In examining the five pivotal decisions of the five leaders, the crucial, if obvious, question is whether the same decision-making strategy applies to the general population. If this has broad application, then, what can we learn from this about leadership development and its relationship to organization performance and the course of careers?
As mentioned in the first chapter, the empirical study tested three hypotheses about leadership. First, there are five pivotal opportunities to make decisions that determine the course of a career. Second, accountability and ingenuity drive leadership behavior. Third, when accountability and/or ingenuity fall short in decision making, other behaviors produce less successful outcomes.
A 15-minute questionnaire was administered via an Internet research panel to 500 adults who met our screening criteria: older than 21 years of age; graduated from college; in professional occupations, including small business owners; and specific employment status. To qualify for the survey, respondents had to be working full-time or if working part-time had to be older than 25 years of age. Unemployed respondents had to meet one of the following conditions: unemployed and looking for work, unemployed and not looking for work (if 25 or older, for example, a full-time mother), unemployed and a full-time student (if 25 or older), or retired.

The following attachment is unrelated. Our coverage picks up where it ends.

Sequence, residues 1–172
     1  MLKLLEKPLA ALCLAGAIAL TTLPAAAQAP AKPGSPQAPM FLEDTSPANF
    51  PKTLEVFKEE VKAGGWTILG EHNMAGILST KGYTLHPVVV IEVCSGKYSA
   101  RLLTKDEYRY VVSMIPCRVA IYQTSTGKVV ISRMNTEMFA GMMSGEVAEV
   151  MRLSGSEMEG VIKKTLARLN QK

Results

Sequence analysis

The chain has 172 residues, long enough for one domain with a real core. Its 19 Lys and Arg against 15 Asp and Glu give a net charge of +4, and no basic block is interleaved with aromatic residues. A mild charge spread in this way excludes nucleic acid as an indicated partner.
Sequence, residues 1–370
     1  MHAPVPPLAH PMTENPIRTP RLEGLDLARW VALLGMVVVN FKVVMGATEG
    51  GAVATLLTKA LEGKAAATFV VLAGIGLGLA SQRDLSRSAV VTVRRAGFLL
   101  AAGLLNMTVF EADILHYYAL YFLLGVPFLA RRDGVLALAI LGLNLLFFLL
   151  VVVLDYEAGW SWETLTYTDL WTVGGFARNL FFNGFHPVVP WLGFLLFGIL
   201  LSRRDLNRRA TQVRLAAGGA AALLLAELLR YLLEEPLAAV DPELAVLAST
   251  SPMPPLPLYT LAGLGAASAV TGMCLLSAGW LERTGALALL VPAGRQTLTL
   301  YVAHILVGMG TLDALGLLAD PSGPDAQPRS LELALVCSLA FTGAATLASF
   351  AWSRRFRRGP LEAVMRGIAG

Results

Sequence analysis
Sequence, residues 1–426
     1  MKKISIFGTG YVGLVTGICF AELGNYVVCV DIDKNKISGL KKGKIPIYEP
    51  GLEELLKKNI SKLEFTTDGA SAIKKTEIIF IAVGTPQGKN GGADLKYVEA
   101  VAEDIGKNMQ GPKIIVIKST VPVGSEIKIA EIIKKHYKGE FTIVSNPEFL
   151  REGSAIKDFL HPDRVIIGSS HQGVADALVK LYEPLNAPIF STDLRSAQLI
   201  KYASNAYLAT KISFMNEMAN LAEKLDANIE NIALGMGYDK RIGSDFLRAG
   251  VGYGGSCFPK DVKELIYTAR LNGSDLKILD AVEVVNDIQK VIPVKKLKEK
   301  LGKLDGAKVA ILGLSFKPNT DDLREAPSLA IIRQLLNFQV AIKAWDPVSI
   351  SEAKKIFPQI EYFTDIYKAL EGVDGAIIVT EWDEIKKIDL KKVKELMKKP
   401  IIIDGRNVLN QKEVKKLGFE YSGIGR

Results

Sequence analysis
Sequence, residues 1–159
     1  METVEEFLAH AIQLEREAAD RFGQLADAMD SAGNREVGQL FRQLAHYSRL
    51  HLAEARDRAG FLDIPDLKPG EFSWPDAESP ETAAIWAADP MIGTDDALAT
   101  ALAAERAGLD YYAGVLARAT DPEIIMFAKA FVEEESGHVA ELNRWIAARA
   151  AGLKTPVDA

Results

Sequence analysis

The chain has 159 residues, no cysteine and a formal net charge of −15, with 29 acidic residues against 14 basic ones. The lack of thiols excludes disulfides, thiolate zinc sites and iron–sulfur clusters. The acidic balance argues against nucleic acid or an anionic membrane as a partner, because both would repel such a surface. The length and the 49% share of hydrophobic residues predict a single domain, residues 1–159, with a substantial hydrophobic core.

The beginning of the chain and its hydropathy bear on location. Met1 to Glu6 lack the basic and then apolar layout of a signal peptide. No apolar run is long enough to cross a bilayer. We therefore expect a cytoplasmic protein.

Respondents who met these criteria represent 16 percent of adults in the United States, ...